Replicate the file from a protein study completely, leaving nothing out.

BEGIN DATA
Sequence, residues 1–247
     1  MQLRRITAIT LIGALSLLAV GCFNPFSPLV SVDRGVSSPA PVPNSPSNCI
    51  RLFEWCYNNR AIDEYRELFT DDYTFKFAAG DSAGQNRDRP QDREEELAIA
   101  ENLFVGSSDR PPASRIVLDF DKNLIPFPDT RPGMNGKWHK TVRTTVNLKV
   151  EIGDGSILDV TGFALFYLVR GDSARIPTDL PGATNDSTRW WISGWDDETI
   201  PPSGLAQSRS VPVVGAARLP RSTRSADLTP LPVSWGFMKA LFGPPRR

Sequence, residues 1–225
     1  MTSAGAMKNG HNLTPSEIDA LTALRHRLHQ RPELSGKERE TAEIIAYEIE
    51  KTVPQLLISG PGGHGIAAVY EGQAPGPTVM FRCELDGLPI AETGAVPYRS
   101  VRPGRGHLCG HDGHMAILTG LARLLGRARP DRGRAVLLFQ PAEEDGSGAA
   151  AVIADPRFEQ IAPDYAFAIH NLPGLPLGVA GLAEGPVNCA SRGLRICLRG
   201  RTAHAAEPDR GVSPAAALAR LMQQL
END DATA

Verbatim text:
Sequence, residues 1–247
     1  MQLRRITAIT LIGALSLLAV GCFNPFSPLV SVDRGVSSPA PVPNSPSNCI
    51  RLFEWCYNNR AIDEYRELFT DDYTFKFAAG DSAGQNRDRP QDREEELAIA
   101  ENLFVGSSDR PPASRIVLDF DKNLIPFPDT RPGMNGKWHK TVRTTVNLKV
   151  EIGDGSILDV TGFALFYLVR GDSARIPTDL PGATNDSTRW WISGWDDETI
   201  PPSGLAQSRS VPVVGAARLP RSTRSADLTP LPVSWGFMKA LFGPPRR

Sequence, residues 1–225
     1  MTSAGAMKNG HNLTPSEIDA LTALRHRLHQ RPELSGKERE TAEIIAYEIE
    51  KTVPQLLISG PGGHGIAAVY EGQAPGPTVM FRCELDGLPI AETGAVPYRS
   101  VRPGRGHLCG HDGHMAILTG LARLLGRARP DRGRAVLLFQ PAEEDGSGAA
   151  AVIADPRFEQ IAPDYAFAIH NLPGLPLGVA GLAEGPVNCA SRGLRICLRG
   201  RTAHAAEPDR GVSPAAALAR LMQQL